Furthermore, research has been continually pointing to endocannabinoid involvement in the modulation of emotional responses. CB receptors cover the brain—there is a particularly high cluster of CB receptors found in the cortical and limbic regions of the brain, which have been established as being highly associated with emotional responses. Further, co-expressions between CB and TRPV1 receptors (which cannabinoids also bind to) have been found in many areas of the brain responsible for the regulation of emotional responses.


Another facet of research has implicated neurogenesis in the brain’s hippocampus as a treatment for mood disorders. Scientists speculate that depression leads to a loss of neurons in the hippocampus. What pharmaceutical antidepressants do is upregulate neurogenesis in the hippocampus, and this, researchers formulate, counteracts damage due to stress. A recent study by Jiang et al. illustrated that because the CB receptors of the hippocampus are immunoreactive and have the ability to regulate neurogenesis in the hippocampus, activating cannabinoid receptors can produce antianxiety and antidepressant activity.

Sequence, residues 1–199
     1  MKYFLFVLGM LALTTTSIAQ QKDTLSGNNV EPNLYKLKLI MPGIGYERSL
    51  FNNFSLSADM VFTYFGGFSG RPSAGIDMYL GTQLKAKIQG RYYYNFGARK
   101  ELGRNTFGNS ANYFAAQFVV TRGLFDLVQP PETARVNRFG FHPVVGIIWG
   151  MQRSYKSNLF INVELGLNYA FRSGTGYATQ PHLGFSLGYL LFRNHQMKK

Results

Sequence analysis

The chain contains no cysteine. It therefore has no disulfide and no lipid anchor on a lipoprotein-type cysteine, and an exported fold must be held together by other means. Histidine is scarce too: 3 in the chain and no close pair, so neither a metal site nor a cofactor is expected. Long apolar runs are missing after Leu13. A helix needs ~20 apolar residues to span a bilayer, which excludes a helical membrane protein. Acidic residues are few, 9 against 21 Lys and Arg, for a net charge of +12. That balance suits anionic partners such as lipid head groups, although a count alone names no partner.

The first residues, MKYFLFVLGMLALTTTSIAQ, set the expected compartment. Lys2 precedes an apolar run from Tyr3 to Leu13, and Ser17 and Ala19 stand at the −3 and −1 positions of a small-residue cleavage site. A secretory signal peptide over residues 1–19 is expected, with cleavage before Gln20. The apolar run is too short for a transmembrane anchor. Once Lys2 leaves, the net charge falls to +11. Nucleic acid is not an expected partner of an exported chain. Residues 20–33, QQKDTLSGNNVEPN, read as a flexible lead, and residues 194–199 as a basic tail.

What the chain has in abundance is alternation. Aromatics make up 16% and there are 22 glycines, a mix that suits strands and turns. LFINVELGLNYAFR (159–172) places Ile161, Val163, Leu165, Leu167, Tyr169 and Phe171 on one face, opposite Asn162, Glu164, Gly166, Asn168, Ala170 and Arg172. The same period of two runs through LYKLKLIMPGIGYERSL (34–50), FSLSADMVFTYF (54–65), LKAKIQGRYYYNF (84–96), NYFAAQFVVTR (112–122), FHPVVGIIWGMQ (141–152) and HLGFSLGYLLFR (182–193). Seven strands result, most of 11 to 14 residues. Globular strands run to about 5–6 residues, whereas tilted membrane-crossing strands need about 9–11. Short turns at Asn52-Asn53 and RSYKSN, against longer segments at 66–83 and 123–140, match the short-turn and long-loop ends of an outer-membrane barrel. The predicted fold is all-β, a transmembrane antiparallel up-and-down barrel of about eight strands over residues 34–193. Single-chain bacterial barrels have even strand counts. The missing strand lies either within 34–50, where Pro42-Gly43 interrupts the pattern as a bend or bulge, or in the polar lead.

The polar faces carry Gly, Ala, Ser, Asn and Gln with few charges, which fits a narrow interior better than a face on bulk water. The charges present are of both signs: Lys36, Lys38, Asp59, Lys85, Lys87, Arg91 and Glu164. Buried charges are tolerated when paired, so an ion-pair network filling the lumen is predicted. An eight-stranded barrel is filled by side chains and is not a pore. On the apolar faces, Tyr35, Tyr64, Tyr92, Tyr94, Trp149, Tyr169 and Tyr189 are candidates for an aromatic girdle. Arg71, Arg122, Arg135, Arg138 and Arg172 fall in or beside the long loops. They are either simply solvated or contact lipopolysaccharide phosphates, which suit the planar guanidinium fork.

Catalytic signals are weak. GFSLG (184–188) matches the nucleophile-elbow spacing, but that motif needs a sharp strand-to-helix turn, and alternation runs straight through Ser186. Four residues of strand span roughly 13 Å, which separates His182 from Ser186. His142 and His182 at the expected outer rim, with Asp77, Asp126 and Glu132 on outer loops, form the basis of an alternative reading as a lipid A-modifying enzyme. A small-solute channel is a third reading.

The Gut

Of course, one cannot talk about depression without talking about the gut-brain axis. Studies have clarified that the molecular and functional modifications that lead to the development of affective mood disorders are associated with alterations in the gut microbiota. Microbiota perturbation causes changes in the endocannabinoid system of the gut, which then changes the endocannabinoid system in the hippocampus. As the gut changes/deteriorates, so does the mind. The gut is truly the second brain.